was also considered but not examined in more detail because the site is fragmented and offers limited potential for the development of a single. at Al Nahda. and Institutional Framework for industrial land in Egypt presented in volume 1. and an investment market analysis. within the Borg Al Arab New Urban Community. quality of services. The first. centrally managed industrial park. locational attributes. Regulatory. It is also meant to gauge the ability of a modern industrial estate to capture part of that anticipated demand. A demand analysis. but also in the selection of a final site. A third site. as it is presented in the current context. the North Merghem industrial area in Alexandria. is controlled by the New Urban Communities Authority (NUCA) and adjacent to existing Government-developed industrial areas. It assesses two sites in the area that were identified as potential locations for a pilot project. and other relevant parameters to gauge demand for industrial land in Alexandria. This volume also includes a Market and Demand Analysis comprising a benchmarking analysis of the potential pilot sites against comparator industrial sites across the region and within Egypt. which presents a survey of international best practices comparing current Egyptian practice with successful regimes around the world. private-sector oriented industrial zones regime. is located on privately owned land adjacent to some of Alexandria’s largest recent industrial investments. This latter section includes a brief analysis of the likely markets for these sites and forecasts. An executive summary of both volumes is presented in volume 1. which examines regional. not only to determine the feasibility of the project. Legal. based on historical investment patterns in the Governorate and Egypt. is a projection of anticipated demand for industrial property in Alexandria. presenting a first look at the actions and steps required to successfully launching a pilot industrial zone there. contiguous. If a developer is to show interest in the development of a pilot site in Alexandria. national and local investment trends. It also presents a series of legal and institutional structures that may serve as models for a new. and a detailed action plan to begin the transition to an improved framework and the establishment of a pilot zone.1 Introduction This Pre-Feasibility Study for the Establishment of a Model Industrial Estates Program in Alexandria is presented in two volumes. The present volume builds on the foundations laid by the Policy. This present volume examines the physical aspects of Establishing a Marketable Pilot Site in Alexandria based on a public-private partnership. The second. an assessment of the market for industrial land will undoubtedly play a role. This volume provides an overview of the opportunities and challenges associated with Al Nahda and Borg Al Arab as potential pilot sites. land market prices. with particular emphasis on the integration of the private sector. A Alexandria Industrial Estates 1 Introduction 1 .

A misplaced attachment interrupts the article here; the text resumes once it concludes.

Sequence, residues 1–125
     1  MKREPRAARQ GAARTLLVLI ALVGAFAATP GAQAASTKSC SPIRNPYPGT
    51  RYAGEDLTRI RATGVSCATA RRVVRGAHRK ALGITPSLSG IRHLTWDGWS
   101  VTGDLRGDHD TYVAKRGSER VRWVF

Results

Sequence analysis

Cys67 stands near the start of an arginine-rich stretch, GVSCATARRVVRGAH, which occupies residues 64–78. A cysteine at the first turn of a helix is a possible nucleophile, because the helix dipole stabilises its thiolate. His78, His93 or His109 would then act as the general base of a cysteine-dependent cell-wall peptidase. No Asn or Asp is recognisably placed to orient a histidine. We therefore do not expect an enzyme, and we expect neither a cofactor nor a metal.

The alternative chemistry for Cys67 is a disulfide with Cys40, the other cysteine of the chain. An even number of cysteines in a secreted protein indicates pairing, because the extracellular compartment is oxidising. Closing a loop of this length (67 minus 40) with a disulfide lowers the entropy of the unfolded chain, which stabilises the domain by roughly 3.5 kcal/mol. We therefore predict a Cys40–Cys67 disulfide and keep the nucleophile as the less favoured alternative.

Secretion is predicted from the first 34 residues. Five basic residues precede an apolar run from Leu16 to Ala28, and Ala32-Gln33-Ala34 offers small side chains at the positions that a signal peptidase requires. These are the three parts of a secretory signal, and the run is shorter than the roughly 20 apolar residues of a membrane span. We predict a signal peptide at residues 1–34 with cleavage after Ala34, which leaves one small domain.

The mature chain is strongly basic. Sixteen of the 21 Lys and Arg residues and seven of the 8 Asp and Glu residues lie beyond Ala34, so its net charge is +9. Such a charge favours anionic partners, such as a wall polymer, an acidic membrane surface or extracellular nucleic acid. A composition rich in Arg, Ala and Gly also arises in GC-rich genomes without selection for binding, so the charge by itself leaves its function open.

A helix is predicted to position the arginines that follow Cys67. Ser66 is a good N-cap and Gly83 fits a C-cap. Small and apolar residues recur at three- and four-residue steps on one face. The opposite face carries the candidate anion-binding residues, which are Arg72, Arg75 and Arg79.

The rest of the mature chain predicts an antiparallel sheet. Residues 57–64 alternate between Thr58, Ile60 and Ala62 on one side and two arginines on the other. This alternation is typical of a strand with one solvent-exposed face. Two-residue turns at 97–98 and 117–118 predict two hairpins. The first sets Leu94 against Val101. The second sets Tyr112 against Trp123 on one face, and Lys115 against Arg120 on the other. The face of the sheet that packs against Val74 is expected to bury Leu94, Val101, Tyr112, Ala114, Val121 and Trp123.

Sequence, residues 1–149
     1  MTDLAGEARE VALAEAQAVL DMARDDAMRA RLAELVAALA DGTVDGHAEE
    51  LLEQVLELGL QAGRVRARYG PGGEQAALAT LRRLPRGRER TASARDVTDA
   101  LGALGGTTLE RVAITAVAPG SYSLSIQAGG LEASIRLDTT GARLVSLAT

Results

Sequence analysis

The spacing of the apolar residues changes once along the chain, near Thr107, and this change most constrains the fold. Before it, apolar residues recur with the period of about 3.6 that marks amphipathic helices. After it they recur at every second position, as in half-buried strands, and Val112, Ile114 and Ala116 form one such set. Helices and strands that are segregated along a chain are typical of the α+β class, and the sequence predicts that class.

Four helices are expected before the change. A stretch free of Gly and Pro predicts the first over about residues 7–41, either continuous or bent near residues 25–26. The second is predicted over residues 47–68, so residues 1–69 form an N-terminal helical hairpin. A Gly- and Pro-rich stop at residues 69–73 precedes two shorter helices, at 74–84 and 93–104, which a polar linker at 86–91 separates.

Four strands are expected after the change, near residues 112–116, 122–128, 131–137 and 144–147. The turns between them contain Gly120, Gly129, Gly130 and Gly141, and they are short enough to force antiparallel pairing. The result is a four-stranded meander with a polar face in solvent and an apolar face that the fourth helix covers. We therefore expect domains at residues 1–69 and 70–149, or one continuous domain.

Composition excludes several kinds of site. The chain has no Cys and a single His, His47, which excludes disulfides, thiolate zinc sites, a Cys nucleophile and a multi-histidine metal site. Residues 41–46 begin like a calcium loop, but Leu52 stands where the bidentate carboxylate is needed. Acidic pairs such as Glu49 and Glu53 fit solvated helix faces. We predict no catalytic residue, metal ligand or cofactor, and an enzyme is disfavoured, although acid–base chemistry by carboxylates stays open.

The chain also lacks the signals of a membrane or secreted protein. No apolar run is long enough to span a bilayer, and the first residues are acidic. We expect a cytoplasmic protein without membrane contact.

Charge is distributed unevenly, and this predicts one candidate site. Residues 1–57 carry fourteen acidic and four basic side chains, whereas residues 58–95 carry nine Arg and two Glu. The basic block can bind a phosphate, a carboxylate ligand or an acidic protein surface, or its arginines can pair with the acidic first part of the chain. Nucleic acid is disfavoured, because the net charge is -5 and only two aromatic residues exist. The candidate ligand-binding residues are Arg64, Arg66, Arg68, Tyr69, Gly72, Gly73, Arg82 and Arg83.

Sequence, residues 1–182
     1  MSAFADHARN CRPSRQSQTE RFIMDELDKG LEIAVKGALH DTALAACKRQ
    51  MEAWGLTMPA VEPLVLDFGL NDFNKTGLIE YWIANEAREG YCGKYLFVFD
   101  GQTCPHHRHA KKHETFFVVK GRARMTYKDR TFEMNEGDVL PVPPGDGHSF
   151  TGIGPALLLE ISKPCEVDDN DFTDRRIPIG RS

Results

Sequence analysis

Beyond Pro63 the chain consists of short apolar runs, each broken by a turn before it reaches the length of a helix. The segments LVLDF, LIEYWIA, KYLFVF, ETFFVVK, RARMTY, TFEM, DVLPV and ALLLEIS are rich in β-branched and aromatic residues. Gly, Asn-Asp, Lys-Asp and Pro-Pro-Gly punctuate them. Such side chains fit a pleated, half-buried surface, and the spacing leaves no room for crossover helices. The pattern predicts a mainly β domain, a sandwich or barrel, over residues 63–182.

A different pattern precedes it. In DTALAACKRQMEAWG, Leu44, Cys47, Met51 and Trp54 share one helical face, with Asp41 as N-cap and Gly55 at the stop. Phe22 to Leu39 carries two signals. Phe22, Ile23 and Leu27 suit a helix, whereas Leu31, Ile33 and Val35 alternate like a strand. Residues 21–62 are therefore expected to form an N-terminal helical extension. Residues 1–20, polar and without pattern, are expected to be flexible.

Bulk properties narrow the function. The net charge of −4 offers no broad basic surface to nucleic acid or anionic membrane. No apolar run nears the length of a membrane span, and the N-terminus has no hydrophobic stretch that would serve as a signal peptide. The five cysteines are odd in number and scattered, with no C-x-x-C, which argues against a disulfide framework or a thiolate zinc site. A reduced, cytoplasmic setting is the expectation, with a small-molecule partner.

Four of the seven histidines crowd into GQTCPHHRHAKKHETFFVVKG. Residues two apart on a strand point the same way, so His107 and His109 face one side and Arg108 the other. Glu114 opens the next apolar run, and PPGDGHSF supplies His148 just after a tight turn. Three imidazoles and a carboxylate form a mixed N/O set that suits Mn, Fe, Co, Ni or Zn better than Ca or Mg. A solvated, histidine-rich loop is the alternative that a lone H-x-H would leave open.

It then examines these industries to assess their “fit” with the potential pilot zones. Broadly. a number of assumptions have been made. • • In developing the demand analysis. Alexandria Industrial Estates 1 Introduction 2 . improving their marketability to quality investors. the purpose of a demand analysis is to arrive at a scenariodriven estimate of the amount of industrial land demand that a private developer could reasonably be expected to fill. from the continued growth of the global. Finally. The Study first assumes the advent of a new. An Investment Market Analysis draws on an assessment of the current investment climate in Alexandria to establish a short list of promising industries. which make up the final chapters of this volume. rather than prescriptive of industries that should locate there. regional and local economies. Further assumptions. this market demand analysis should be seen as descriptive of the types if investments a pilot zone is likely to see. The current Study draws on three main tools.demand analysis also represents an attempt to quantify anticipated growth patterns over time. Appendix A presents detailed data used in the benchmarking analysis. to formulate final projections for demand: • A Benchmarking Analysis compares the potential pilot sites to a number of comparator zones. based on dynamics unique to the various industries likely to make up that growth. drawing standard and comparator growth patterns to project investment demand in the prospective pilot site out to 20 years. relative attractiveness of competitor locations within Egypt. and Appendix B outlines a strategy for the provision of the value-added services that set quality industrial zones apart from the competition. to gauge their relative attractiveness as investment locations. attractive industrial land package in the form of a private sector-run industrial estate. If the private sector is to be the driving force behind location decisions and managing tenant access to an industrial zone. and rate of growth within specific sectors can have significant effects on the final results of the demand forecasts. This volume also includes detailed Appendices to support conclusions in the main body of the Study and outline a strategy for the provision of value-added services in the pilot zone. it is absolutely essential that market forces be allowed to ultimately decide which of these or other industries will locate on the pilot site. both within Egypt and throughout the region. and A Demand Absorption Forecast builds on the preceding analyses.